Five Spotify Plugins for Backstage

You can see various combinations of those principles underlying the new plugins in our bundle — both in what they do and how they work. 

1. Soundcheck

  • What: Runs checks on your software components and displays how well they measure up to your org’s engineering standards.
  • Why: Codify and promote engineering best practices that improve quality, reliability, security, and consistency throughout your software ecosystem.
  • How: Seeing leads to doing. Instead of chasing teams down when their software isn’t meeting expectations, we’ve found that simply visualizing standards in the relevant context incentivizes action. No engineer likes it when they see they’re scoring 2 out of 5. They’re gonna strive for that 5.

2. Role-Based Access Control (RBAC)

  • What: Makes controlling who has access to what in your Backstage instance flexible and simple.
  • Why: Protect your company’s data in Backstage. 
  • How: Make the right thing to do the easy thing to do. If access control is difficult or opaque, then your teams are less likely to keep up with your evolving security and compliance needs. It’s good to set requirements — but it’s much better if you make it as painless as possible for your developers/customers to follow them.

3. Skill Exchange

  • What: An internal marketplace for on-the-job learning opportunities, where mentors can connect with mentees, teams can find temporary help (“Wanted: Frontend Web Dev for Two-Week Embed”), programming partners can pair up, and ad hoc teams can assemble to work on hack projects together.
  • Why: Promote a culture of self-led growth and unlock opportunities for collaboration and meaningful connection, no matter where anyone sits in the org chart.
  • How: By making it easier for your developers to discover and borrow each other’s skills, both teams and individuals can learn, grow, and stretch their abilities together — leading to happier, more fulfilled, and more capable devs, which leads to more effective dev teams.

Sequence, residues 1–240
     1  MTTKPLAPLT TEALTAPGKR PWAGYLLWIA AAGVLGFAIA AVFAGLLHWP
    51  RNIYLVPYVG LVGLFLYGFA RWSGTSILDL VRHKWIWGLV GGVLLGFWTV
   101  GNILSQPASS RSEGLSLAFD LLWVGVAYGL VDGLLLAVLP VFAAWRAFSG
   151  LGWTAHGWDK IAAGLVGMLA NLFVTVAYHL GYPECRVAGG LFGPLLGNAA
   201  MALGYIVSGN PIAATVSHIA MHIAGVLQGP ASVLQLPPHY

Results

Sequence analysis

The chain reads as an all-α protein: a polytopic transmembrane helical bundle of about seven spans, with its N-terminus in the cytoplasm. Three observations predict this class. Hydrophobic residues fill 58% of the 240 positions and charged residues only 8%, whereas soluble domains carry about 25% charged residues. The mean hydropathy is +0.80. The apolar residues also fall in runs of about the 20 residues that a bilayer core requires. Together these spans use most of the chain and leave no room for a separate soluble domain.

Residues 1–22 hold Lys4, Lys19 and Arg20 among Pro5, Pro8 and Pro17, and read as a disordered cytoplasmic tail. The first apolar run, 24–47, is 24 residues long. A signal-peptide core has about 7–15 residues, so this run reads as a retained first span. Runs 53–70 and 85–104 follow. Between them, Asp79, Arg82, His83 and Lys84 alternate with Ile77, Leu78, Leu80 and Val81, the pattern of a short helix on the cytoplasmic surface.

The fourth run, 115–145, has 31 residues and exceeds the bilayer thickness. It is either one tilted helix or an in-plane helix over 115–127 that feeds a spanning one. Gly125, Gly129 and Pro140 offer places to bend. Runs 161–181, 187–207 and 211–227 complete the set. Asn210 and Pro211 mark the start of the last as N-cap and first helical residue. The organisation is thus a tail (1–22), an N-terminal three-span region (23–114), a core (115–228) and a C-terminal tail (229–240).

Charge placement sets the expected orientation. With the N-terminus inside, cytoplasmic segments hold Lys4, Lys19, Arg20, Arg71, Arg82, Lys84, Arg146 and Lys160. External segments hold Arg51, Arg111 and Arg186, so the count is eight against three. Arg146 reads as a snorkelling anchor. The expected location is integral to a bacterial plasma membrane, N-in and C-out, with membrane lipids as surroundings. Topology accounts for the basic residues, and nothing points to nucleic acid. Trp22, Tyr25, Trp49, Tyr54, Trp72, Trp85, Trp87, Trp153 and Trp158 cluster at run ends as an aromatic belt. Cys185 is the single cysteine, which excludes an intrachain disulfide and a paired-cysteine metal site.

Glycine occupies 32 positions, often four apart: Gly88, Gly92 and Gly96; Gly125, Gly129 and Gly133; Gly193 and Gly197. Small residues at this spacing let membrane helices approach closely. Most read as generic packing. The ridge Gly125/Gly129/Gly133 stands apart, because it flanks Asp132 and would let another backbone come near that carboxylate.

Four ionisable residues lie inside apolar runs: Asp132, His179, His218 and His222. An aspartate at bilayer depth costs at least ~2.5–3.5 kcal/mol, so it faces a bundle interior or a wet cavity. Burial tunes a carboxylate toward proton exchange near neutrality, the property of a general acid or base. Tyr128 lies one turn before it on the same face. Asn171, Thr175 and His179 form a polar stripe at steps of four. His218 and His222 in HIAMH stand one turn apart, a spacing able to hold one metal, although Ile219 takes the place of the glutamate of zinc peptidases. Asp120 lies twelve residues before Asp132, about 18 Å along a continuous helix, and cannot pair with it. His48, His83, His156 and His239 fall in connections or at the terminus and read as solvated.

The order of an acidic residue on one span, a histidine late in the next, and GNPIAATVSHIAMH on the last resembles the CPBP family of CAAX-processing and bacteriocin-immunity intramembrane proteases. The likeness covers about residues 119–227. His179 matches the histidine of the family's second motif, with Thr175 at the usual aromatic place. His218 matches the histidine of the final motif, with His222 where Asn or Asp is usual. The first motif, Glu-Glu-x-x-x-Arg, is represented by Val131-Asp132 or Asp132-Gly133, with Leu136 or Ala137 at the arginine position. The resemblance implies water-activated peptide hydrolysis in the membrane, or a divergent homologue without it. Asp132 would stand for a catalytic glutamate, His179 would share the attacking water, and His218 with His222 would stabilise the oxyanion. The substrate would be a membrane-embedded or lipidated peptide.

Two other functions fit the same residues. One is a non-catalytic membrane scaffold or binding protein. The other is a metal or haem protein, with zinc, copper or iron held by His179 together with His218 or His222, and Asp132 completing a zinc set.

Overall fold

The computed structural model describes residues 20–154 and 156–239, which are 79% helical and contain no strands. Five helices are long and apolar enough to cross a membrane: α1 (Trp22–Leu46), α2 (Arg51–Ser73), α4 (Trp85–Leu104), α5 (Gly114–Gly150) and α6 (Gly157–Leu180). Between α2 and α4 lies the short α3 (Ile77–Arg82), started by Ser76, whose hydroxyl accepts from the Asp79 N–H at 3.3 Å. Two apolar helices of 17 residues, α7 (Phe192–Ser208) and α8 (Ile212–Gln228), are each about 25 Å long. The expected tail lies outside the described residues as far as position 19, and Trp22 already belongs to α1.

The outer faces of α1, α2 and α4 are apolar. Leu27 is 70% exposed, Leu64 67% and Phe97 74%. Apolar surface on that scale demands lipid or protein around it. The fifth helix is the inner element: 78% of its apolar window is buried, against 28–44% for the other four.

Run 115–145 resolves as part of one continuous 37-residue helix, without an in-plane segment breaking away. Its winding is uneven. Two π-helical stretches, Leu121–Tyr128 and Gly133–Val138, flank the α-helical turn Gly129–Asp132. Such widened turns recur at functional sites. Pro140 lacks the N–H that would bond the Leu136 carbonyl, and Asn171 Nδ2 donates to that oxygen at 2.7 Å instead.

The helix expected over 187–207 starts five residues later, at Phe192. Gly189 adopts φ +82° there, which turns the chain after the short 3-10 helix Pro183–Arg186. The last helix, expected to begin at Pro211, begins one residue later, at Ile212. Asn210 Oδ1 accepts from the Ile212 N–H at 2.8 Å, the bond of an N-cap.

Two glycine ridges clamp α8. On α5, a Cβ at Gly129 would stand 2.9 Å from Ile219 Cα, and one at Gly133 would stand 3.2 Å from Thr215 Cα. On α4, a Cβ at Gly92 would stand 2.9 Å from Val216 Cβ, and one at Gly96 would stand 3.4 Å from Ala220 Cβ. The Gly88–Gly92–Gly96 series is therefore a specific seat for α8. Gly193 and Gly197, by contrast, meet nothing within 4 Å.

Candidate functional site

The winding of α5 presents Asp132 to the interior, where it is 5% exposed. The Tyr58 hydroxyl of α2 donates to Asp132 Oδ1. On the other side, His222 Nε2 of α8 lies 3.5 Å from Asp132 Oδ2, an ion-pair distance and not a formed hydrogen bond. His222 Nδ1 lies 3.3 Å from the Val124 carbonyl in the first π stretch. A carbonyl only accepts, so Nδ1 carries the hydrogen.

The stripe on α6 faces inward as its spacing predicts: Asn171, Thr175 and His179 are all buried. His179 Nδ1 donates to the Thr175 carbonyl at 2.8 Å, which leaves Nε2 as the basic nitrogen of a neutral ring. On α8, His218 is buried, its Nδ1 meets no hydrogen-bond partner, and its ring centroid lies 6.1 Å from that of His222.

4. Pulse

  • What: An R&D survey framework — specific to product development — that lets you track key productivity and satisfaction metrics, and analyze the anonymized response data to discover trends. (Known internally at Spotify as the EngSat Survey.)
  • Why: Find out how your R&D teams really feel. Collect the data you need to drive continuous improvements to your R&D tooling, processes, and culture.
  • How: Understand and measure the feelings and experiences of your developers — just as you would your customers. You can’t improve productivity if you don’t know the most common blockers your teams say they’re facing.

5. Insights

  • What: Tracks Backstage usage within your organization by capturing and displaying key data points, including daily active Backstage users and most commonly used plugins.
  • Why: Understand how your organization is actually behaving in Backstage to inform your roadmap on which features to double-down on or deprecate.
  • How: To build with empathy, you don’t just want to know how your customers feel, but also how they behave.

Built by developers, for developers

Five plugins built with exactly you in mind — the person hovering over your keyboard right now, having switched over to this browser tab while you wait for a build to finish in a different one. That’s because they were all built by developers, for developers. 

Make no mistake, the Spotify Plugins for Backstage bundle is most definitely enterprise software: designed for medium to large engineering organizations at travel companies, car manufacturers, banks, telecoms, online retailers, and all kinds of other tech companies (we’re all tech companies now). 

But the plugins are not made to solve car manufacturing problems or banking problems or telecom problems. They’re made to solve the problems all software engineering teams face, no matter which industry they work in: complexity, context switching, cognitive load, fragmentation, silos, and toil. All the problems that get in the way of you solving those car manufacturing problems and banking problems. 

Backstage solves the problems that make the everyday experience of being an engineer a chore instead of a joy, preventing teams from delivering great software, consistently and quickly, at scale. We hope both the Backstage platform and these plugins will help change that, as they have done for us — improving developer effectiveness by improving developer productivity and developer happiness. (We even have a formula for it!) So that you are empowered to build better, faster, and happier. The Spotify way of doing things.

Learn more about Spotify Plugins for Backstage at: